Antonio Frasconi, from See and Say (1955)

Antonio Frasconi, from See and Say (1955)

The images above come from The Ward-o-Matic‘s post on See and Say.  Visit the site to see more.

Back in 2000, I spoke with Mr. Frasconi because he was a very close friend of Crockett Johnson. Both men leaned left, had artistic influences that extended beyond children’s books, and held each other’s work in high regard. Indeed, Antonio’s political leanings inspired him to move — along with his family (Leona, Pablo, and Miguel) — to Village Creek, a planned integrated community that is directly adjacent to Rowayton, Connecticut, where Johnson and his wife Ruth Krauss lived.  That was in 1957.  The family met Johnson and Krauss soon after moving there, and quickly became friends.

photo of Antonio FrasconiThere were regular spaghetti dinners at Ruth and Dave’s house (Crockett Johnson’s real first name was “Dave,” and friends called him “Dave”).  Antonio illustrated Ruth’s The Cantilever Rainbow (1965), her greatest avant-garde children’s book.  When the Berkeley Free Speech Movement (1964-1965) got television coverage, Dave phoned Antonio so that he could come over and see it (at that time the Frasconis didn’t have a TV). So, the family went over and watched the protests. When Dave started serious painting, the Frasconis were among the first people he showed them to. As Miguel Frasconi recalled, Dave was “so excited,” as he explained to Antonio “the geometric properties of these pictures — like he had discovered something totally new.” At the time, Miguel thought: “this is an adult, and he’s as excited as a little kid.”

While my own brief acquaintance (one interview, really) with Antonio Frasconi and his family derived from work on my biography of Crockett Johnson and Ruth Krauss (2012), Frasconi’s work is well worth getting to know in its own right.  He illustrated and designed over 100 books, including collections of poetry by Langston Hughes, Walt Whitman, and Pablo Neruda. He created Los Desparecidos (The Disappeared, 1984), a powerful collection of woodcuts that tells the story of those tortured, imprisoned, or killed under the Uruguayan dictatorship.  He created art for children’s books.  He was a great teacher, artist, and humanitarian.

Thanks for sharing your recollections with me.  And rest in peace, Mr. Frasconi.

Works Consulted:

“Antonio Frasconi.” The Annex Galleries. <http://www.annexgalleries.com/artists/biography/739/Frasconi/Antonio>

“Antonio Frasconi.” Contemporary Authors Online. Detroit: Gale, 2003. Literature Resource Center. Web. 13 Jan. 2013.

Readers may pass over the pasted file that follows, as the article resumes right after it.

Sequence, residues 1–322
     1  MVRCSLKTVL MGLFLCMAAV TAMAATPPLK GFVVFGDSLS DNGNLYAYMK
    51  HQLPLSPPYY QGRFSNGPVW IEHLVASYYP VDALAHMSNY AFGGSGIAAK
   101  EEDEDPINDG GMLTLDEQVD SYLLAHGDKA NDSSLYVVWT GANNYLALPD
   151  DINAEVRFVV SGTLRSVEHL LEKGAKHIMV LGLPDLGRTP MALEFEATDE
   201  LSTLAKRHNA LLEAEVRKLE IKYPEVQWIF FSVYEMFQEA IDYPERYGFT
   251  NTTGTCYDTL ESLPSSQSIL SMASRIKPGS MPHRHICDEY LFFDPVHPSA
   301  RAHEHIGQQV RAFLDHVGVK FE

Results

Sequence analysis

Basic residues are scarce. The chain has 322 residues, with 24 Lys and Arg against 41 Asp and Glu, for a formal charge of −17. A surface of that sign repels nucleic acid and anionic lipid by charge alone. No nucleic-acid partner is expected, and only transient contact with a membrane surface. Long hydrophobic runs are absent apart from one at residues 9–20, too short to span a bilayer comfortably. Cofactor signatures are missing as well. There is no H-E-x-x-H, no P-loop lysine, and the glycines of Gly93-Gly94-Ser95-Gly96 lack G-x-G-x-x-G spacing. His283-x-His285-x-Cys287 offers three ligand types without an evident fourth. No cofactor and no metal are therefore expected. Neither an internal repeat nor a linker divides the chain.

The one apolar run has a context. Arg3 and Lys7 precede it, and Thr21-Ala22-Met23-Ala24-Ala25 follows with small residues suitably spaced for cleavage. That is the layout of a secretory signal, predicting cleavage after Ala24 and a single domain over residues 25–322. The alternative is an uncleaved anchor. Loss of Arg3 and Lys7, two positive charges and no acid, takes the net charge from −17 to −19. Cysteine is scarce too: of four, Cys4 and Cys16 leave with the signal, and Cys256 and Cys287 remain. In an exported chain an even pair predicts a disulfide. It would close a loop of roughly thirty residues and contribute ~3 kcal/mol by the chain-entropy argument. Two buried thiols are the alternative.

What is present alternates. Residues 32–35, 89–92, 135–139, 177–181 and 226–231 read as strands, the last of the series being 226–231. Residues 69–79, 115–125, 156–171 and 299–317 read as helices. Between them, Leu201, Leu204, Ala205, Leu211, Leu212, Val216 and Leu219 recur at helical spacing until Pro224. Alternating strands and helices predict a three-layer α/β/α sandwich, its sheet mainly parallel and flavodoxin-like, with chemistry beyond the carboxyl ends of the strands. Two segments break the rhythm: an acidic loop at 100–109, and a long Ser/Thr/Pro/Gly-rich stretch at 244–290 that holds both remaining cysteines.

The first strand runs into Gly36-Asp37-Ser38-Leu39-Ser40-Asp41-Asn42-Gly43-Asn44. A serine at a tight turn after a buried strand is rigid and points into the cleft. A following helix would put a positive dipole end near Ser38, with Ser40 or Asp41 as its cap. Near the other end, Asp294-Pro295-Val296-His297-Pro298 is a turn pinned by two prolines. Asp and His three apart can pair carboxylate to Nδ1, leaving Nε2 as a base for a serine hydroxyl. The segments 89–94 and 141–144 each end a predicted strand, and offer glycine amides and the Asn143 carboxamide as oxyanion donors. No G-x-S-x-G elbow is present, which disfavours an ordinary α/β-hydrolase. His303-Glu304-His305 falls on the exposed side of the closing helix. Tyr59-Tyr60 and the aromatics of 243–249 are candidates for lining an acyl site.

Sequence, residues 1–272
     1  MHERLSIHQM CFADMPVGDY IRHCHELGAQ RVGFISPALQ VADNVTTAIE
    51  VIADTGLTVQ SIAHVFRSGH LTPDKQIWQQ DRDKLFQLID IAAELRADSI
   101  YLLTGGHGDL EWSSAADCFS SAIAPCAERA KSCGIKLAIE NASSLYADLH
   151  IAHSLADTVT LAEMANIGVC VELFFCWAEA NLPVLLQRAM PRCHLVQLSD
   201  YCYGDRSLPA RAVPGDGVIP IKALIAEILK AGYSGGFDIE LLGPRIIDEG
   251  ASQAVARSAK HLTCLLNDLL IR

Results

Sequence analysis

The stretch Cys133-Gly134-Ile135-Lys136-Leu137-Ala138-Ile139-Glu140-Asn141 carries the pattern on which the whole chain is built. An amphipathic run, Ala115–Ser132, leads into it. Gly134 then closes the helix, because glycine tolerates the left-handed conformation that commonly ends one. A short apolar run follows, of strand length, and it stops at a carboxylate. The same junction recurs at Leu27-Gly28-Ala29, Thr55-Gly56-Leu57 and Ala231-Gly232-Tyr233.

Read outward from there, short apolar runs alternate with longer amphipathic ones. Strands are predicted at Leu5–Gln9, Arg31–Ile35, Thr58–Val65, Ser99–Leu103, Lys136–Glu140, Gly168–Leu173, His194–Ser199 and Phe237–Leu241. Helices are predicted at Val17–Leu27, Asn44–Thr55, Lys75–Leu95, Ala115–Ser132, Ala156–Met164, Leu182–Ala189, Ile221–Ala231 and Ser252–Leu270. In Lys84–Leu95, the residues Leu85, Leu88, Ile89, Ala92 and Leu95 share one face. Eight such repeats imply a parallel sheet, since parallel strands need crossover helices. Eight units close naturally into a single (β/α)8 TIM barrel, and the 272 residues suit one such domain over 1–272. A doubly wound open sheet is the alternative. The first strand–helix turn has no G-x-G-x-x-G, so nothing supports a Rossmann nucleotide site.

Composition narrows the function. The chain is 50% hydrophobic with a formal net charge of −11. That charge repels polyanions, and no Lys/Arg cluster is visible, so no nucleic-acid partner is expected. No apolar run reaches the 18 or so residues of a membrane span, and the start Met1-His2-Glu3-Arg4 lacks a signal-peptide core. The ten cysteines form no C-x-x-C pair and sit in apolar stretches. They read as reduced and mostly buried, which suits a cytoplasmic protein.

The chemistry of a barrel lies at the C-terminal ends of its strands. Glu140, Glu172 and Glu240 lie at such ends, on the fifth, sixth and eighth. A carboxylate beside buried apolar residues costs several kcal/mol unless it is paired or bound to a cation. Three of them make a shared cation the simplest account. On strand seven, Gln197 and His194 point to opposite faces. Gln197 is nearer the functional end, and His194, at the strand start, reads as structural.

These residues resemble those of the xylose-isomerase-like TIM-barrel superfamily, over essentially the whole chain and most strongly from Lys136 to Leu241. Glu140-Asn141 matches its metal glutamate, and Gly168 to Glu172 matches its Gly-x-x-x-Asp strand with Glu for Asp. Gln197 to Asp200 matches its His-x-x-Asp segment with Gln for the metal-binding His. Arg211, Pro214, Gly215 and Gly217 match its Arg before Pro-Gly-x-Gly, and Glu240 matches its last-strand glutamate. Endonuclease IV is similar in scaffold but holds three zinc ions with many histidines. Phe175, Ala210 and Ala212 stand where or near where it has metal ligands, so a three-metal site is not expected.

“Antonio Frasconi (Uruguay).” North Dakota Museum of Art. <http://www.ndmoa.com/Exhibitions/PastEx/Disappeared/Frasconi/index.html>

Goldenberg, Carol. “An interview with Antonio Frasconi.” The Horn Book Magazine Nov.-Dec. 1994: 693+. Literature Resource Center. Web. 13 Jan. 2013.

Nel, Philip. Telephone interview with Antonio Frasconi. 12 Oct. 2000.

—.  Telephone interview with Miguel Frasconi. 2 Dec. 2007.

—.  Telephone interview with Pablo Frasconi. 28 Nov. 2007.

Sources for images: Facebook post from Miguel FrasconiWard-o-Matic blog post on See and Say, and “Artist and Professor Antonio Frasconi, 1919-2013” (at Jane Public Thinking).

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Well, at least she published a sort-of correction

dunce cap by Emily KelleyAs you probably already know, Forbes‘ Susan Adams contributed to the professors-don’t-really-work myth in naming “University Professor” the “Least Stressful Job of 2013” (Forbes, 3 Jan. 2013).  After learning that this is utter nonsense, Ms. Adams did at least have the decency to publish an “addendum,” in which she acknowledges that the survey on which she was reporting “didn’t measure things like hours worked and the stresses that come from trying to get papers published in a competitive environment or writing grants to fund research.”

That’s a start. But I want to refute this “oh, professors have it easy” myth once and for all.

I realize that’s a tall order.  The myth persists in popular culture, aided — in America, at least — by a public that views knowledge with suspicion.  So, I can document how many hours I work (as I did, here and here).  Others can do this sort of thing, too.  We can also speak up when we see alleged journalists spreading this nonsense.  But how much effect are we having?  And while we cannot spend our careers putting out the flames of ignorance each time they ignite, if we don’t do this… the fire spreads.

So, for instance, I’m ostensibly “on vacation” right now (because I’m not teaching), but it took me a few days to respond to this because I was in Boston, attending the Modern Language Association convention and at Harvard gathering materials for my next book.  In the days before the Spring 2013 term begins, I need to finish assembling an American Studies Association proposal, get my syllabi together, get my course packs together, revise an essay and send it out, write an abstract for a summer conference (abstract is due Jan. 15th), send an abstract for a conference at which I’m giving a talk (this is due today), do some Routledge editing (I edit Children’s Literature and Culture series), get plane tickets for the two invited talks I’m giving in March, write at least one of two grants, start working on the Afterword and Notes for Barnaby Vol. 2, and… that’s all I can remember right now.  But I’m sure there are items I’m forgetting.

While I doubt that this brief response will have any discernable effect on the general public’s level of knowledge about what professors do, responding seemed better than letting ignorance go unchecked. If there’s a better way to educate the public about academic labor, I’m open to suggestions.

Related content (on this blog):

Image source: Emily Kelley’s Dunce Cap.